FOB Danger handover to Iraqis is ‘significant’
When U.S. forces officially hand over Forward Operating Base Danger to the Iraqi government on Tuesday, it will be the 29th time an American base in Iraq has been relinquished. But, officials said Monday, handing over FOB Danger will be “the most significant transition of real estate thus far.”
That is in large part due to the complex’s history and singular identification with deposed ruler Saddam Hussein.
The complex is dominated by the Presidential Palace, built in 1991 for Saddam’s mother. Commanding a high spot of land on the Tigris River, the palace is the largest built by Saddam, whose birthplace is on the outskirts of Tikrit.
The entire complex includes 136 buildings on more than 1,000 acres of land, with a combined 1.5 million square feet of space, including 18 palaces.
“Soon this place that was once for only an elite few will be a place for the Iraqi people. Instead of representing how one man used Iraq’s wealth, it will represent how Iraq’s wealth can be used for its people,” Maj. Gen. Joseph J. Taluto, 42nd Infantry Division commander, said during the 42nd’s transition of authority ceremony with the 101st Airborne Division earlier this month.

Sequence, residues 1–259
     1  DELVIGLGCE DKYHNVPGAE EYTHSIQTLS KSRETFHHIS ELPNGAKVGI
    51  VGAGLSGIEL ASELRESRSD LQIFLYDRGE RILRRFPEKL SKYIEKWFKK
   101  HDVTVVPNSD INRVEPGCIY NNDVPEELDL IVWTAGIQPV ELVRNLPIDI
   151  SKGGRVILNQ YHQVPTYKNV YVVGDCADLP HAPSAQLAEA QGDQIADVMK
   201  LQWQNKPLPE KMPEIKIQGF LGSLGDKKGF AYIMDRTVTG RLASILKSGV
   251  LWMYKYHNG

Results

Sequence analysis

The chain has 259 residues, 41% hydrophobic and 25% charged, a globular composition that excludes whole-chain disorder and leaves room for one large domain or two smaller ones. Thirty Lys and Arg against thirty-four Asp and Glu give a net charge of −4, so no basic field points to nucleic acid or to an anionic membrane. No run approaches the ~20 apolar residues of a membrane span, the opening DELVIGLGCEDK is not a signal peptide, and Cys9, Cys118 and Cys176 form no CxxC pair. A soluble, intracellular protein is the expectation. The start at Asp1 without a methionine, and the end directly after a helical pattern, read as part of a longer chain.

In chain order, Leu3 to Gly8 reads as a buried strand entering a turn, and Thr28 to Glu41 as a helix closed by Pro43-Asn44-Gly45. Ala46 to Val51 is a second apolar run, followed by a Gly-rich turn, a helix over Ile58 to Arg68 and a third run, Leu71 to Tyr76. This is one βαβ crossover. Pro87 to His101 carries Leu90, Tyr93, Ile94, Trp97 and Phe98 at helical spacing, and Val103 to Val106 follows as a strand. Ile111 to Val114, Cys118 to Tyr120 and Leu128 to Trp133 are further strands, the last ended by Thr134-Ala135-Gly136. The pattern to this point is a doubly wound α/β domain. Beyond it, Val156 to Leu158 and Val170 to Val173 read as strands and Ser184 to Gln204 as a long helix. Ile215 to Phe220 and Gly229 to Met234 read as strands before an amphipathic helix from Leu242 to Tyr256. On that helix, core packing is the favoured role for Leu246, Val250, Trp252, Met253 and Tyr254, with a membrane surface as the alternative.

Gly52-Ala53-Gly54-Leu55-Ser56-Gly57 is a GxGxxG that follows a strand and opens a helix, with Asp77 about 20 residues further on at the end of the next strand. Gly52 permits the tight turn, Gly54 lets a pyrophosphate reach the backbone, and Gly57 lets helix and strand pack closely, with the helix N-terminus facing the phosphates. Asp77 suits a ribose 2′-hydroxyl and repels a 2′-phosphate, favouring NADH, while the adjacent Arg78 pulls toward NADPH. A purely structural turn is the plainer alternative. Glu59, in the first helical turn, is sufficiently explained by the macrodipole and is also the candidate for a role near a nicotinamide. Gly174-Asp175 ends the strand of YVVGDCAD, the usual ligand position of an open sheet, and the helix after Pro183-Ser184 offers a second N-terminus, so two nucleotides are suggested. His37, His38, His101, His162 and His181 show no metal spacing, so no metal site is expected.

American troops already have given the base a rousing send-off, capped with a “last supper” at the FOB Danger chow hall on Nov. 1. The meal was part celebration and part reflection, with food service workers liberally slinging lobster tails, crab legs, steaks and chocolate sheet cake to soldiers who had spent the better part of a year in the former palace complex.
Through most of 2005, the base was the headquarters of the New York National Guard’s 42nd Infantry Division. FOB Danger also was the site of the alleged slaying of two officers by a supply sergeant with the unit.
In February 2005, FOB Danger was passed from the 1st Infantry Division, which operated under the name Task Force Danger.
It was a bittersweet year for the Big Red One, with more than 100 soldiers killed and 1,000 wounded but great advances in combined operations with new, better-led Iraqi army units and 2,000 reconstruction projects worth about $1 billion.